Mediation for Hague Convention & Relocation Cases - The Unfortunate Case of TSF v TSE
This article is written by Emelia Kwa & Isabel Chew Lau, associates of OTP Law Corporation
The Court’s decision
Why was the father was successful?
Primarily, when deciding appeals involving the welfare of children, the court highlighted that they must be slow to overturn a decision just because they did not agree with it. Instead, decisions should only be reversed or varied if it was exercised on the wrong principles, or was plainly wrong (for e.g., if the judge had exercised his discretion wrongly).
Since a child’s welfare was at the heart of the case, the welfare principle was of utmost importance. This meant that court should determine what is in the best interests of the child in relation to the following non-exhaustive factors:
- Relationship with parents and caregivers
This was a neutral factor since both parents had shared a strong bond with their child and both had done their best to remain involved in his life.
- The child’s needs and the capacity to prove for them
Here, the emotional, developmental and material needs of the child were considered. Despite the physical distance between the mother and child, they were able to maintain a warm relationship. However, the father seemed better equipped to handle all three needs. This was since the child had been raised in Singapore by the father and the paternal grandparents, all of whom were emotionally close with the child. The child had also been coping well with the autism intervention programmes in Singapore. The father also had a full-time job. In contrast, the child’s only emotional support in England would be the mother, the court could not assess the adequacy of the autism programmes in England and she also lacked stable employment.
- The parents’ character and conduct
The court found that the father’s behaviour was worse in comparison. This was since he had misled the mother as to his intention to return to Singapore originally, he ignored the need to preserve the bond between the mother and child and seemed unable to assess the correctness of his actions.
Nevertheless, due to the court’s intervention, he has since realised that the child should have regular contact with the mother. This resulted in daily Skype session between mother and child as well as liberal physical access to the mother when she is in Singapore. This gave the court hope that with suitable encouragement and incentives, the father would be a better role model for his son and assess what is in the child’s interests.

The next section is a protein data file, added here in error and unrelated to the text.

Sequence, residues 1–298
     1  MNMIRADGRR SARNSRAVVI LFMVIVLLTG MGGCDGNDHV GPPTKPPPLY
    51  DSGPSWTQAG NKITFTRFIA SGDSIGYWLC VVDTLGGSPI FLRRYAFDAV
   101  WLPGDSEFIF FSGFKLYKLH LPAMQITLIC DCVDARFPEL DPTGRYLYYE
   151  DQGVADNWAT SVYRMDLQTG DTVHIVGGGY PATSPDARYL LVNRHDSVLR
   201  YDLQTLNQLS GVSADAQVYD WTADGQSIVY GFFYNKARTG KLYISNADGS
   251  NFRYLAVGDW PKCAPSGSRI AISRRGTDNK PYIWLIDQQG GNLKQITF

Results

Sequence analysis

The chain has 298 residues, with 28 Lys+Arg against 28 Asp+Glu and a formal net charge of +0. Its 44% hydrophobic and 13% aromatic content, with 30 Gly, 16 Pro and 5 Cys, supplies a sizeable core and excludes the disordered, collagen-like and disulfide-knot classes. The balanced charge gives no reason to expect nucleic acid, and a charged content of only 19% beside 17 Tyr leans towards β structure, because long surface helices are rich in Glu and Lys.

- Ensuring a continuing co-parental relationship
In general, it is in a child’s best interests for him to maintain a good relationship with both parents. In this regard, the court favoured the mother as she seemed to recognise that the father should have a role in the child’s life. She had undertaken to facilitate regular Skype access between the child, the father and the paternal grandparents.
In contrast, the father and the paternal grandparents had taken active steps to separate the mother from the child previously. The father also had a poor track record in facilitating the mother’s access to the child.
- Impact of change and need for stability
The courts emphasised that a child needs stability in his relationship and environment. This case was special in that the court also had to consider the child’s autism spectrum disorder and the additional adjustment difficulties his condition may cause him to have. Overall, this is an intensely fact-sensitive exercise to undertake.
This factor weighed heavily in favour of the father since moving to England with the mother would mean a different country, climate, social environment and the lack of all aspects of settled daily life created over five years. Moreover, the Court Counsellor had serious concerns about the child’s ability to adapt to a drastic change of environment and caregiver. This was especially since he had made good progress in his intervention programme, and disruption to it may result in his progress stagnating.
- Other considerations
The father and child were both Singapore citizens and thus had no threat of disruption to their lives. In contrast, the mother was neither a citizen of the United Kingdom nor Singapore, which made it uncertain if she would have a stable place to stay.
The child would also be subject to national service even if he was sent to live overseas with his mother. This would make it difficult for him to adjust to an unfamiliar environment and pose the threat of him becoming a defaulter, which attracts criminal liabilities.
Lastly, the child appeared quite content with his living and family conditions and did not feel a need or desire to visit his mother in person. The court recognised that this may change as he grows older.
Relocation cases can be complicated and be long fought – not just because of the difficulties each of the parents may face but also because of the many facts and relationships that the courts must consider when making their decisions. This case serves as a reminder: no matter how difficult the case may be, at the end of the day, it is the court’s priority to figure out what they deem to be in the child’s best interests even if it’s between a rock and a hard place.
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